That album, Living In The ’70s, would spend 16 weeks at number one, sell more than 250,000 copies – five times what the Daddy Cool album had sold – and save the fledgling Mushroom Records from bankruptcy.
After seeing that Melbourne Uni show, Wilson rarely missed a Skyhooks gig, fondly remembering how they polarised the audience: people either loved them or hated them.
James Black saw the band in Adelaide when they supported Daddy Cool. The keyboards player, who would later join Mondo Rock, told Wilson he didn’t like them. “They really rubbed him the wrong way; they were too brash.
“Skyhooks shocked people – some people were shocked in a good way, some people didn’t like it.”
Australia’s first King of Pop, Normie Rowe, also took a while to warm to the band. “It took me a good three or four months to really come around. But when the penny finally dropped, they really sucked me in, and I thought, ‘Wow, this is really something.’
“They had that live spontaneity that Daddy Cool had, something that had been missing in Australian rock ’n’ roll for quite a while. They were out there doing it for the audience, not for themselves.”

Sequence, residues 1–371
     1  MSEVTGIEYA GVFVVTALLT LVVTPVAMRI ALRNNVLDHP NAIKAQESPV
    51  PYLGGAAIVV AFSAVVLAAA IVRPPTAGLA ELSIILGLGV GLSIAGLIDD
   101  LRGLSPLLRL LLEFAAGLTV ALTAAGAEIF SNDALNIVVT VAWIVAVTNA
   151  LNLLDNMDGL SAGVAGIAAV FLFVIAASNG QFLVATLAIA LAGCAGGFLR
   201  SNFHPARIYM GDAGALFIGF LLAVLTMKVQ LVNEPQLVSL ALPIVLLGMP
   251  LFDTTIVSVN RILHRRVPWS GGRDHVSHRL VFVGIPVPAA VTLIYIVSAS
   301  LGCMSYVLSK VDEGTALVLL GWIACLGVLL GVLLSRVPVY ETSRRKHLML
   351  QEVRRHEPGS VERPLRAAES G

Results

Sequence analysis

Just as Harry Vanda and George Young were able to mentor AC/DC, imparting the lessons they’d learned in The Easybeats, Ross Wilson became the Hooks’ Yoda. “I was very interested in shielding them from all the bad things that had happened to Daddy Cool, so I was passing on as much information as I could.”
Unhappy with his own publishing deal, Wilson started a publishing company, Doo Dah Music (with the name inspired by a line in Camptown Races, one of the first songs published in sheet music, as well as Wilson’s love of doo-wop). “I had this 50-50 deal, and I started to think, ‘Why does it have to be 50-50?’ That was the standard deal that everybody pretty much did. Some were worse. I thought, well, I’ll do one that’s different – 70-30. And that induced Greg to come on board.
“It was around that time that things started to change, and I’m glad to say that I had a part in it.”
Not long after the Melbourne Uni gig, Peter Starkie decided to leave Skyhooks – to join a band backing a stripper in Western Australia. He was replaced by his younger brother, Bob.
After a few more gigs, Peter Inglis – who didn’t like the band’s glam persona and resented having to dress up – also quit and was replaced by Red Symons. And singer Steve Hill exited after the Sunbury show the following January, which led to the band installing Shirley Strachan as lead singer.
After Shirl’s arrival, Wilson helped the Hooks land a deal with Mushroom and convinced Michael Gudinski that he should produce their debut – even though he’d never produced an album before.